The H-index – a small number with a big impact. First introduced by Jorge E. Hirsh in 2005, it is a relatively simple way to calculate and measure the impact of a scientist (Hirsch, 2005). It divides opinion. You either love it or hate it. I happen to think the H-index is a superb tool to help assess scientific impact. Of course, people are always favourable towards metrics that make them look good. So let’s get this out into the open now, my H-index is 44 (I have 44 papers with at least 44 citations) and, yes, I’m proud of it! But my love of the H-index stems from a much deeper obsession with citations.
As an impressionable young graduate student, I saw my PhD supervisor regularly check his citations. Citations to papers means that someone used your work or thought it was relevant to mention in the context of their own work. If a paper was never cited, and perhaps therefore also little read, was it worth doing the research in the first place? I still remember the excitement of the first citation I ever received and I still enjoy seeing new citations roll in.
The H index: what does it mean, how is it calculated and used?
The H-index measures the maximum number of papers N you have, all of which have at least N citations. So if you have 3 papers with at least 3 citations, but you don’t have 4 papers with at least 4 citations then your H-index is 3. Obviously, the H-index can only increase if you keep publishing papers and they are cited. But the higher your H-index gets, the harder it is to increase it.
One of the ways in which I use the H-index is when making tenure recommendations. By placing the candidate within the context of the H-indices of their departmental peers, I can judge the scientific output of the candidate within the context of the host institution. This is a useful because it can be difficult to understand what is required at different host institutions from around the world. It would be negligent to only look at H-index and so I use a range of other metrics as well, together with good old fashioned scientific judgement of their contributions from reading their application and papers.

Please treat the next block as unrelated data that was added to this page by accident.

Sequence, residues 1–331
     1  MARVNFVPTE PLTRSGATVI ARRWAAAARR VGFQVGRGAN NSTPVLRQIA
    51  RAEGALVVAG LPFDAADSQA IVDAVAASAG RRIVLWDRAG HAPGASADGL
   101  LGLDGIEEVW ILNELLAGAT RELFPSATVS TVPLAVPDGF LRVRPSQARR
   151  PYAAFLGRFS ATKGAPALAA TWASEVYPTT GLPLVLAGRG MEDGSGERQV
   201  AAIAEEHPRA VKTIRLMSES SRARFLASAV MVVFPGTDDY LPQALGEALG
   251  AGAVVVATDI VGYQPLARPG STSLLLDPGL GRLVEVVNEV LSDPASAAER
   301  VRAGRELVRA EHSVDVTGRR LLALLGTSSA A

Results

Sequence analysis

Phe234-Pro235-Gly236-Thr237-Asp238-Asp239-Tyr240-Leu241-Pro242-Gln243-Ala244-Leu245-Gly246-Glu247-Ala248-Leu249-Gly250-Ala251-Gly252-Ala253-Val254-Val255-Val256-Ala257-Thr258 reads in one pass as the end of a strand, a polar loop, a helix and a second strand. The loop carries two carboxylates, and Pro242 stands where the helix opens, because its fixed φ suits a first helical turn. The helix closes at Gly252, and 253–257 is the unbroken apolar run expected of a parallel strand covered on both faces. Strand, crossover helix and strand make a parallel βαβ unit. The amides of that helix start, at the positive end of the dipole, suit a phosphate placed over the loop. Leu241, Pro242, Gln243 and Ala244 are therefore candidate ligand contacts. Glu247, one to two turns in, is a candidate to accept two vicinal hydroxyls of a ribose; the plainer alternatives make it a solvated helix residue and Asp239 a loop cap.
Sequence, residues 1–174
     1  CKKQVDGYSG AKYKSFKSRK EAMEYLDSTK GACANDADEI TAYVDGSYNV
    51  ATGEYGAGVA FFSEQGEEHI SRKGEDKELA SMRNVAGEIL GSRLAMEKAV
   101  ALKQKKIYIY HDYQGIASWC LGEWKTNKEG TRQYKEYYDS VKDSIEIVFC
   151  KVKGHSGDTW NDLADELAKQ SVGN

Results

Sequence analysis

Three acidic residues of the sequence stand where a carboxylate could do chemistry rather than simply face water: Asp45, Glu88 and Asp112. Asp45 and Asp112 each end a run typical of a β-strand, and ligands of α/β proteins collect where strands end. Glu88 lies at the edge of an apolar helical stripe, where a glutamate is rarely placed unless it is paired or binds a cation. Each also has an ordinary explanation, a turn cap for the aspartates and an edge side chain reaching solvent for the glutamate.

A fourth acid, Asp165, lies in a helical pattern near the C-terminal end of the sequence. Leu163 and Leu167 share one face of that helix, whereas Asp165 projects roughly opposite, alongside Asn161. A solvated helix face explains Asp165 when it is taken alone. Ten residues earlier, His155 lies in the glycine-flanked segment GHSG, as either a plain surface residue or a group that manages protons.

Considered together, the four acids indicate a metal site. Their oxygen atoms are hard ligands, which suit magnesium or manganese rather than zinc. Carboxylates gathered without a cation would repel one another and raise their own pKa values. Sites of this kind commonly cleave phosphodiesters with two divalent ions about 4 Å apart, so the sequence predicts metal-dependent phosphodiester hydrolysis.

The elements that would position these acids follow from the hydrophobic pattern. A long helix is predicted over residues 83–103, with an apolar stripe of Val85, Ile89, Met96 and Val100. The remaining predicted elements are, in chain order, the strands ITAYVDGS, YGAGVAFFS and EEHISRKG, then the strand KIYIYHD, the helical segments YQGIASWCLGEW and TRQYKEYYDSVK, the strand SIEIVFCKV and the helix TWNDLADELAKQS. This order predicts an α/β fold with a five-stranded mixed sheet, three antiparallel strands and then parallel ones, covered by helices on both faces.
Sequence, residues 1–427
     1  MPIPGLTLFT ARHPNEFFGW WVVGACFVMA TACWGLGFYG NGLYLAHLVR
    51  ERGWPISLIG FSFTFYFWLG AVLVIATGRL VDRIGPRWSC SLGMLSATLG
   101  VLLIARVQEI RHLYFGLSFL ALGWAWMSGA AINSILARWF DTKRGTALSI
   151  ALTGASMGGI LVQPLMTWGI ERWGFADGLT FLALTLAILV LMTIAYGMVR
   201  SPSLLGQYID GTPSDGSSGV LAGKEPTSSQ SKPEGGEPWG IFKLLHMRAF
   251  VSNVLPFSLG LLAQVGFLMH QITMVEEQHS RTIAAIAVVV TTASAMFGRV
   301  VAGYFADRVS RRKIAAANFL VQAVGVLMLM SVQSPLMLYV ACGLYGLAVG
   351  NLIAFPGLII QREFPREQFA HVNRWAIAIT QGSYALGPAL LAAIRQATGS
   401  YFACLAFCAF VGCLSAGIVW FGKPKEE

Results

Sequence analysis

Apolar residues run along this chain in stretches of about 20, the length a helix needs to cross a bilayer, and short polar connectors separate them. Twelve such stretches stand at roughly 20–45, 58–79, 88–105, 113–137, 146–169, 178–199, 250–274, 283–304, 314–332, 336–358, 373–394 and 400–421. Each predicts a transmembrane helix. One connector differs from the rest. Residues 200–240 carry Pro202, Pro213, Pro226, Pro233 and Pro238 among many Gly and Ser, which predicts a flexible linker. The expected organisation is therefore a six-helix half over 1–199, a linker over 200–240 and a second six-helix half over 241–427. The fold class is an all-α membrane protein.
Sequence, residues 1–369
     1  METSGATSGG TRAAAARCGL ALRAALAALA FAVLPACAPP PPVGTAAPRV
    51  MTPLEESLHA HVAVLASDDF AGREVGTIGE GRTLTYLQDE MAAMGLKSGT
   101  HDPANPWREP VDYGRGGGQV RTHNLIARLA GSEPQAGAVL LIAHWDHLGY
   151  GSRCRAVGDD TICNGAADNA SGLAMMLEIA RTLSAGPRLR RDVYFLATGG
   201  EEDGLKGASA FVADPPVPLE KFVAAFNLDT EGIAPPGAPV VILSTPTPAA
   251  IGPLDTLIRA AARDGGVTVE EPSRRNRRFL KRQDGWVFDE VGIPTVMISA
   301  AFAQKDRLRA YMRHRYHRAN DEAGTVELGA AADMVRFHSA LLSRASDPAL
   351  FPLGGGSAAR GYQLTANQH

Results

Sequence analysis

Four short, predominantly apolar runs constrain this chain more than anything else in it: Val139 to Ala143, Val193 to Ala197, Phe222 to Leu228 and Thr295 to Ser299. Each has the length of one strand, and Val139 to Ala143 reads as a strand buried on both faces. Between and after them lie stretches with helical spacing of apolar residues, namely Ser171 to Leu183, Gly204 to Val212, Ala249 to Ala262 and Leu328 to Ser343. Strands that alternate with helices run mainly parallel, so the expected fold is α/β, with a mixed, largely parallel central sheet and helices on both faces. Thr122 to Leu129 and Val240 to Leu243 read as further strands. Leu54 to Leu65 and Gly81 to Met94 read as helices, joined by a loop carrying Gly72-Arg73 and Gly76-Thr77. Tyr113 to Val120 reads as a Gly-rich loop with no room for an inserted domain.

The m value
One of those extra metrics I use was also introduced by Hirsch, and is called m (Hirsch, 2005). M measures the slope or rate of increase of the H-index over time and is, in my view, a greatly underappreciated measure. To calculate the m-value, take the researchers H-index and divide by the number of years since their first publication. This measure helps to normalise between those at the early or twilight stages of their career. As Hirsch did for physicists in the field of computational biology, I broadly categorise people according to their m value in the table below. The boundaries correspond exactly to those used by Hirsch.
|m-value – H-index/yr||Potential for Scientific Impact|
So post-docs with an m-value of greater than three are future science superstars and highly likely to have a stratospheric rise. If you can find one, hire them immediately!
The graph below shows the growth of the H-index for three scientists – A, B and C – who respectively have an H-index of 12, 15 and 16. I call these curves a researcher’s H-trajectory.
If we calculate their m-value, then we find that A has a value of 0.5, B has 0.94 and C a value of 1.67. So while each of these researchers has a similar H-index, their likelihood for future growth can be predicted based on past performance. Recently, Daniel Acuna and colleagues presented a sophisticated prediction of future H-index using a number of several features, such as number of publications and the number in top journals (Acuna et al. 2012).
As any serious citation gazer knows, the H-index has numerous potential problems. For example, researcher A who spent time in industry has fewer publications, people with names in non English alphabets or very common names can be difficult to correctly calculate, different fields have widely differing authorship, publication and citation patterns. But even considering all these problems, I believe the H-index is here to stay. My experience is that ranking scientists by H-index and m-value correlates very well with my own personal judgements about the impact of scientists that I know and indeed with the positions that those scientists hold in Universities around the world.
Alex Bateman is currently a computational biologist at the Wellcome Trust Sanger Institute where he has led the Pfam database project. On Novembert 1st, he takes up a new role as Head of Protein Sequence Resources at the EMBL-European Bioinformatics Institute (EMBL-EBI).
J.E. Hirsch. An index to quantify an individual’s scientific research output. Proc. Natl. Acad. Sci. 102, 16569-16572.
D.E. Acuna, S. Allesina & P. Konrad. Predicting scientific success. Nature 489, 201-202.